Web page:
The Debate Over Clause 6
Eclectic Northeast|February 2019
The Debate Over Clause 6

Local bodies like AASU and KMSS are not very convinced with the Centre’s decision to properly implement Clause 6 of the Assam Accord.

Ene Bureau

The decision for the formation of a high-level committee for proper implementation of the Clause 6 of the Assam Accord received mixed responses across the State. The clause that safeguards the indigenous nature of the Assamese people taken into consideration by the Union Home Ministry has been viewed as a political gimmick by a large number of pressure groups including All Assam Students’ Union (AASU) and Krishak Mukti Sangram Samiti (KMSS).

Union Home Minister Rajnath Singh, while briefing the media in Delhi had stated, ‘It has been felt that the Clause 6 has not been fully implemented, even almost 35 years after the Accord was signed to detect and deport illegal Bangladeshi immigrants.’ He further shared that the cabinet therefore approved the setting up of a panel to suggest constitutional, legislative and administrative safeguards as envisaged in Clause 6. The committee shall examine the effectiveness of past actions since 1985.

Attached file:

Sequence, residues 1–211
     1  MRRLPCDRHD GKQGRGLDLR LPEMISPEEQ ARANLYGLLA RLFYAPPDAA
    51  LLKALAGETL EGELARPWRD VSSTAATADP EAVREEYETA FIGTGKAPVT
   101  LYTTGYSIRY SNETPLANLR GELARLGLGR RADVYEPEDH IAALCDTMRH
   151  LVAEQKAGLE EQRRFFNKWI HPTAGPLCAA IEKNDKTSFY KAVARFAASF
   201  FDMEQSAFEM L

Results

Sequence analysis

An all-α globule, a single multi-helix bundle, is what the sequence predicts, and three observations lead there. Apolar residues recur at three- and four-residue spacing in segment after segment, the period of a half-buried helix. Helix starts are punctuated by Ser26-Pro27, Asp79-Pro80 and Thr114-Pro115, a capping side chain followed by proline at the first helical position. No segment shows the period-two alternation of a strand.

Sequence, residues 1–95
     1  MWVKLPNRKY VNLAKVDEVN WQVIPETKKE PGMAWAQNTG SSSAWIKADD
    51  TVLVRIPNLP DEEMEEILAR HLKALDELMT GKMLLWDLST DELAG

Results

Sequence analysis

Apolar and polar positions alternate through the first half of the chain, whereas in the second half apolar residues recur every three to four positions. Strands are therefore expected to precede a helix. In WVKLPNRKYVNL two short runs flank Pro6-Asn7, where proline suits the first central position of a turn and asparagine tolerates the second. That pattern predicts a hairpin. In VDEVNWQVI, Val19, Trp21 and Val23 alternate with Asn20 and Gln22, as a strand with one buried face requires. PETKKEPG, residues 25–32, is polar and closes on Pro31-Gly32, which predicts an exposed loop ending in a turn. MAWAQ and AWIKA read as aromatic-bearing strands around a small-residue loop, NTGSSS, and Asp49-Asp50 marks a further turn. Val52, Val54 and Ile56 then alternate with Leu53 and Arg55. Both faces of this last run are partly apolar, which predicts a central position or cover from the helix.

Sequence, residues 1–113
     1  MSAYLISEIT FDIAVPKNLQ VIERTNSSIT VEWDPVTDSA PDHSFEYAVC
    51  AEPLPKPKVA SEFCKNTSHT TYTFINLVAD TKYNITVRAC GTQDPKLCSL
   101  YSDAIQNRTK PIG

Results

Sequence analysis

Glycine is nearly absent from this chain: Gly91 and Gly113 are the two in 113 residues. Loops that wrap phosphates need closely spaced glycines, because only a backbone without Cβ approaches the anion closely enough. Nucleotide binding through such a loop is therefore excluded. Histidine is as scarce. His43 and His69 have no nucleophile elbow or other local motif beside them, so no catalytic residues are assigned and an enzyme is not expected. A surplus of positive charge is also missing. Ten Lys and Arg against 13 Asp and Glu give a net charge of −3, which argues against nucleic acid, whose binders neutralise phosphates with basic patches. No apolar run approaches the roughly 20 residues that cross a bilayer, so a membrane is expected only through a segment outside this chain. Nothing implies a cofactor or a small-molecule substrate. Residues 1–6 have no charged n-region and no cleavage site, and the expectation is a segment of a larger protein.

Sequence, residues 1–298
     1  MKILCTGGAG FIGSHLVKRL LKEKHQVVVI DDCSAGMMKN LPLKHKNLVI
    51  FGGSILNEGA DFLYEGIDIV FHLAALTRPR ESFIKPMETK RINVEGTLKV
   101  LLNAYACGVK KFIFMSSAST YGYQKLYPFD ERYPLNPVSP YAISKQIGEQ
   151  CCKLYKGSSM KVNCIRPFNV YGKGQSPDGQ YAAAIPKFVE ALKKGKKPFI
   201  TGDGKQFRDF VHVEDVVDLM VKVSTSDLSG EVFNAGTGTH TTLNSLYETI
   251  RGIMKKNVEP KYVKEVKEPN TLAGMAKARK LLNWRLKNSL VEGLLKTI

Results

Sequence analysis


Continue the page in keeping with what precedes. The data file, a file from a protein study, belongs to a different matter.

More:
A Panel Without Panellists

Interestingly, four of the nine members of the high-level committee formed by the Centre to implement Clause 6 have declined to be a part of it. Eminent litterateurs Nagen Saikia and Rongbong Terang, both former presidents of premier literary body Axom Sahitya Sabha, and academician Mukunda Rajbongshi have decided not to be a part of the committee. The AASU also refused to be a part of the panel. ‘BJP-led government formed the panel three months ahead of the Lok Sabha polls just to seek votes in Assam,’ according to the student’s organization.

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February 2019